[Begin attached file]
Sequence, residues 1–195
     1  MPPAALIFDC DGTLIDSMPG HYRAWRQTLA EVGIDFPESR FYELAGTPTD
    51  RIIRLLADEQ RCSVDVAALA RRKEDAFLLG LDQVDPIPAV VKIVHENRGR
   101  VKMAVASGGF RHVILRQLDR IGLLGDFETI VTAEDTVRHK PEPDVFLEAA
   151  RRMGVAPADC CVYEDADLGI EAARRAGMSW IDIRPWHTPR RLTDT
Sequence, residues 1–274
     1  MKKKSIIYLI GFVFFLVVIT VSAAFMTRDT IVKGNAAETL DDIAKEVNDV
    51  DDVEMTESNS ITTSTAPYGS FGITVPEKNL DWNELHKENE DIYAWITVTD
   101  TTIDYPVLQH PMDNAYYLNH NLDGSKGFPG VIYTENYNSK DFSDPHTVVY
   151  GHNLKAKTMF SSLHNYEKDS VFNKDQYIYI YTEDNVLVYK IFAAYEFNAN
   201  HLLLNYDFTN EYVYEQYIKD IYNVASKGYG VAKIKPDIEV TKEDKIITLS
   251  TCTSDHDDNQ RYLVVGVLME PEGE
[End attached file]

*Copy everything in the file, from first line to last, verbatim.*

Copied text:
Sequence, residues 1–195
     1  MPPAALIFDC DGTLIDSMPG HYRAWRQTLA EVGIDFPESR FYELAGTPTD
    51  RIIRLLADEQ RCSVDVAALA RRKEDAFLLG LDQVDPIPAV VKIVHENRGR
   101  VKMAVASGGF RHVILRQLDR IGLLGDFETI VTAEDTVRHK PEPDVFLEAA
   151  RRMGVAPADC CVYEDADLGI EAARRAGMSW IDIRPWHTPR RLTDT
Sequence, residues 1–274
     1  MKKKSIIYLI GFVFFLVVIT VSAAFMTRDT IVKGNAAETL DDIAKEVNDV
    51  DDVEMTESNS ITTSTAPYGS FGITVPEKNL DWNELHKENE DIYAWITVTD
   101  TTIDYPVLQH PMDNAYYLNH NLDGSKGFPG VIYTENYNSK DFSDPHTVVY
   151  GHNLKAKTMF SSLHNYEKDS VFNKDQYIYI YTEDNVLVYK IFAAYEFNAN
   201  HLLLNYDFTN EYVYEQYIKD IYNVASKGYG VAKIKPDIEV TKEDKIITLS
   251  TCTSDHDDNQ RYLVVGVLME PEGE